Thursday, February 11, 2016


     There's an old joke going around.  How many elders does it take to change a light bulb?  CHANGE????!!!!  Honestly, my shepherds aren't like that, but many are.  A lot of people, not just elders, are.  What is it about change that so frightens us?  We like to be comfortable.  We want things where they are so there are no surprises.
     Let's face it, change is inevitable.  We are surrounded by change.  Weather, traffic, people we see, food we eat, everything changes constantly.  There's an old truism that says, "The only thing constant is change."  Learning is change.
     Now, before anyone panics, the gospel never changes.  Paul told the Galatians that if he or an angel from heaven preached another gospel than the one already given, let him be accursed...literally, anathema.  Paul said, preach another gospel and you can (his words, not mine) go to hell.
     Here's how The Message paraphrases Romans 12:1, 2:

So here's what I want you to do.  God helping you.  Take your everyday, ordinary life--your sleeping, eating, going-to-work, and walking-around life--and place it  before God as an offering.  Embracing what God does for you is the best thing you can do for him.  Don't become so well-adjusts to your culture that you fit into it without even thinking.  Instead, fix your attention on God.  You'll be changed from the inside out.

     The NIV calls us to be transformed.  The Greek word is where we get our word metamorphosis.  The question becomes, "Changed to what?".  In II Corinthians 3, Paul is talking about the New Covenant and he uses the illustration of Moses coming down from the mountain after seeing God.  He said they had to cover his face with a veil because he glowed, literally, so much.  But the new covenant takes the veil away.  At the end of the passage, he says, "And we, who with unveiled faces all reflect the Lord's glory, all are being transformed (here it comes!) into his likeness with ever-increasing glory, which comes from the Lord who is the Spirit."  We are being transformed into being like Christ Himself!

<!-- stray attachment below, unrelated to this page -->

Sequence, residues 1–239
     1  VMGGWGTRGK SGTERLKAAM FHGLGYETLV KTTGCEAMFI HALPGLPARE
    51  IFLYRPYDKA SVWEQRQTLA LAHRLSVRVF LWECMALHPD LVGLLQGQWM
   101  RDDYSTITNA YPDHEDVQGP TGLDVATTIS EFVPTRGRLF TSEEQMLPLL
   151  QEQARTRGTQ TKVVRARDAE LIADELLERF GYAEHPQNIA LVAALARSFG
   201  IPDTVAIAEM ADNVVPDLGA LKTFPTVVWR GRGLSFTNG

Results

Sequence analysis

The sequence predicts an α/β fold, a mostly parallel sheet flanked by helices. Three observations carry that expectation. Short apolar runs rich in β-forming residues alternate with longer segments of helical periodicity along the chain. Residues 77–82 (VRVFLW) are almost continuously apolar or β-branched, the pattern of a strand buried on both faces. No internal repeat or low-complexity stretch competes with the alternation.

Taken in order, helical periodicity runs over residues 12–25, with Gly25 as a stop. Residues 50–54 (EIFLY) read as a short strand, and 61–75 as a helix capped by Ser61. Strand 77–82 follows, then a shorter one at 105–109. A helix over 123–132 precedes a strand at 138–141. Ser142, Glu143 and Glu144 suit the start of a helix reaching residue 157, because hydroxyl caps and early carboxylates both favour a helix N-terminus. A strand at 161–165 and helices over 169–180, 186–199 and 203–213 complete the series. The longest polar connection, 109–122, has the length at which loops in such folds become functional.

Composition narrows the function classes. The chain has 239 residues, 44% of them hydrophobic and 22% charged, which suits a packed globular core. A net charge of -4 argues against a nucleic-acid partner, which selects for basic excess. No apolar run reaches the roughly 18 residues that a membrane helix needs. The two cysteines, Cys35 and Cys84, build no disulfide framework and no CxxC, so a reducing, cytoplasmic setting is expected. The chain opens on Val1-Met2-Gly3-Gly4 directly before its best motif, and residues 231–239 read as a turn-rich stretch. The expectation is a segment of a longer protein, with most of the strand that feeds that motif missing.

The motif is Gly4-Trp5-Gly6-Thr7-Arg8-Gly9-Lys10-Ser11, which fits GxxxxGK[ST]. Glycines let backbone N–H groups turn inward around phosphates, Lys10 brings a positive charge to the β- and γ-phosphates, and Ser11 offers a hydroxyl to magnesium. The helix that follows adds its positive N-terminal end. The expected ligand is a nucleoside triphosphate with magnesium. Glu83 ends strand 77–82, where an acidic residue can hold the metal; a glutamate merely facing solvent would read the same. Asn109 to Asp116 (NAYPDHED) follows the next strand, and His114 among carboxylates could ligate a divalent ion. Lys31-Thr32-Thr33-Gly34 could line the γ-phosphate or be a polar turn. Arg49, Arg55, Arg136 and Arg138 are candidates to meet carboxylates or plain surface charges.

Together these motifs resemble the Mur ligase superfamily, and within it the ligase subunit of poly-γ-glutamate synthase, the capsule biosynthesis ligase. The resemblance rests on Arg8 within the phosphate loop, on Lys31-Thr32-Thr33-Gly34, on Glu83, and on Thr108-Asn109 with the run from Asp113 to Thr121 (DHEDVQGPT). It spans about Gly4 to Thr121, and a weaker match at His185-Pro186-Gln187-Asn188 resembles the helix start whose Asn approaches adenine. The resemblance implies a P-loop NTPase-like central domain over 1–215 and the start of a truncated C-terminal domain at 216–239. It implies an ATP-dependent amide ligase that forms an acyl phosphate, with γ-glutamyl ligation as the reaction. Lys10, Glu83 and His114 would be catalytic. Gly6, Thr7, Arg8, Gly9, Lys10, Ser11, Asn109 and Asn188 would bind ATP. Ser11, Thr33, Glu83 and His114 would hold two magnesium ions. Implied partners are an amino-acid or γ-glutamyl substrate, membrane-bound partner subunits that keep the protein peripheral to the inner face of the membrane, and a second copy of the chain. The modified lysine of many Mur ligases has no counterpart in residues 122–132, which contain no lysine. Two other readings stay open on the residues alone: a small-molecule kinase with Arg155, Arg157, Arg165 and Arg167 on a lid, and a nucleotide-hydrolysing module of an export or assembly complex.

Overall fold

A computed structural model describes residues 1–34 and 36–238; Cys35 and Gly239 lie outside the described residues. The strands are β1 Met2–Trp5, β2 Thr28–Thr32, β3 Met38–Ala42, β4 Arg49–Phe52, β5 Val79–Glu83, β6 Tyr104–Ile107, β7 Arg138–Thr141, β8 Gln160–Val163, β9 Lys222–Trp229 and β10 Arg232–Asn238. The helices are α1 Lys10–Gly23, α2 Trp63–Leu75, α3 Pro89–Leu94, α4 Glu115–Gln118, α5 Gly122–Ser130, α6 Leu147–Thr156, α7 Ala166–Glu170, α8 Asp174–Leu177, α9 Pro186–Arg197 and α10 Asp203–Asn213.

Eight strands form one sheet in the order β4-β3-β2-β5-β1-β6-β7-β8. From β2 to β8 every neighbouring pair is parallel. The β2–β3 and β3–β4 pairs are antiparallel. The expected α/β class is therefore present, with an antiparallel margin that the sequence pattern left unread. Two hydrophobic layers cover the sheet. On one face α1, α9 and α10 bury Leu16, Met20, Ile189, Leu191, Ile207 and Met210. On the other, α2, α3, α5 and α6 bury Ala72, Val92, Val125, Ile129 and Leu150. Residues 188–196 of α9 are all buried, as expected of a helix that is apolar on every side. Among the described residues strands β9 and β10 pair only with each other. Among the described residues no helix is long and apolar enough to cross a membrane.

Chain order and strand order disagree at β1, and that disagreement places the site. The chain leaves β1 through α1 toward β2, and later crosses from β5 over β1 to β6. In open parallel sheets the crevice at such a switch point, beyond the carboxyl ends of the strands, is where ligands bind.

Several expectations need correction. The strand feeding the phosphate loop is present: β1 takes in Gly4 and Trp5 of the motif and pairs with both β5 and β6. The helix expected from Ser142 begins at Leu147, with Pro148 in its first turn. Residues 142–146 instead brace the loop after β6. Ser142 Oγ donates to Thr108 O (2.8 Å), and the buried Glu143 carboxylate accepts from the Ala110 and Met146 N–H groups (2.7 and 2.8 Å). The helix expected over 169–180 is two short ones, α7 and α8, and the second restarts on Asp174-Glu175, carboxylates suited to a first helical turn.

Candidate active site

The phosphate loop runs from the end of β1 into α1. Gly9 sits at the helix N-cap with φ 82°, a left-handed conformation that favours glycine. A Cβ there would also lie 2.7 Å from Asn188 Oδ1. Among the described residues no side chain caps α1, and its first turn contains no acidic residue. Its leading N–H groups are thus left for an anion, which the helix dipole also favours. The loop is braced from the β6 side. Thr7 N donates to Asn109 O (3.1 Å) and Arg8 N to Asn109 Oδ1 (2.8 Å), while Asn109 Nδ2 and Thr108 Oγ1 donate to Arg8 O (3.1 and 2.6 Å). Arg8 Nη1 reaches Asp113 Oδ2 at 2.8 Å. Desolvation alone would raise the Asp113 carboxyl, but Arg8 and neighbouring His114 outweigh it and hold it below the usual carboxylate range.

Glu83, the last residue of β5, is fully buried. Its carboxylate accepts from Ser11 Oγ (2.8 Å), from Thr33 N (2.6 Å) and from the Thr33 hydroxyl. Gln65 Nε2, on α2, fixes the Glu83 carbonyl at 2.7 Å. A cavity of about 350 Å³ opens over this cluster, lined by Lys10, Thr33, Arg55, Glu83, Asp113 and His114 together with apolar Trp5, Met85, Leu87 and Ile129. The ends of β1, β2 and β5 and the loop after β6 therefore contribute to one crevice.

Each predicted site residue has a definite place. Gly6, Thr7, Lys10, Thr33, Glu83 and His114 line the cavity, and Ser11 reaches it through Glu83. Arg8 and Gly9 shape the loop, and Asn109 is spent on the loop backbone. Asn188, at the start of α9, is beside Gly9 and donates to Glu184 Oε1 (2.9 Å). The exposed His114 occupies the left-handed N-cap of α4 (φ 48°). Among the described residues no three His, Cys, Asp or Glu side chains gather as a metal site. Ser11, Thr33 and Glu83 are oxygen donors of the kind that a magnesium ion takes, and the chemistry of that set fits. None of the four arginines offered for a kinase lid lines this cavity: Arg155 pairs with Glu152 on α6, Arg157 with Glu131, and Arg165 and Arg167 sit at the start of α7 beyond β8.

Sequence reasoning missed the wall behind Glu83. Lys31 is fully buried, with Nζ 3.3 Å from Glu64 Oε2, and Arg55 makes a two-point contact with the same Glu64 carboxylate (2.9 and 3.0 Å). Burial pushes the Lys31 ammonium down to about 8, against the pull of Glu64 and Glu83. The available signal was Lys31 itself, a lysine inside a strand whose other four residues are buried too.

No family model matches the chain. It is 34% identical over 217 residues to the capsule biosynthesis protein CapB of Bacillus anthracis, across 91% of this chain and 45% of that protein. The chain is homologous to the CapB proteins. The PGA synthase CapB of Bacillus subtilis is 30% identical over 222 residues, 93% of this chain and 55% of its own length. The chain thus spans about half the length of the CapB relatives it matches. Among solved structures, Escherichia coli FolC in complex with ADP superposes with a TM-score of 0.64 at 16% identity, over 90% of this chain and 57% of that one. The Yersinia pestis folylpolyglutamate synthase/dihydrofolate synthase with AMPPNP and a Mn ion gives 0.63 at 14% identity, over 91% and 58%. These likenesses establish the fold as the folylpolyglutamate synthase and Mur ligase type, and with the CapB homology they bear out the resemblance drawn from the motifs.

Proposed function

How do you measure progress in such a venture?  We tend to quantify such things.  What's our attendance been?  How many baptisms have we had?  What's our contribution?  Up or down is the difference between success or failure.  But Peter comes along and says, "For this very reason, make every effort to add to your faith goodness; and to goodness, knowledge; and to knowledge, self-control; and to self-control, perseverance; and to perseverance, godliness; and to godliness, brotherly kindness; and to brotherly kindness, love."  (II Peter 1:5-7)  Now listen to what he says about these qualities.  "For if you possess these qualities in increasing measure, they will keep you from being ineffective and unproductive in your knowledge of our Lord Jesus Christ."  (I Peter 1:8)  Let me ask you a question.  How do you quantify faith?  How about goodness?  Or knowledge or self-control or perseverance or godliness or brotherly kindness or love?  Do you say, "Well, I'm up to 56% on faith today, but down a little in the godliness.  I'm only at 47%"?  Peter says to have them in increasing measure.

     These process of change, of transformation is a life-long process.  We'll never achieve it.  To become like Christ is a phenomenal goal and what a trip it is a we morph into being like Him.  Lord come quickly.  

No comments:

Post a Comment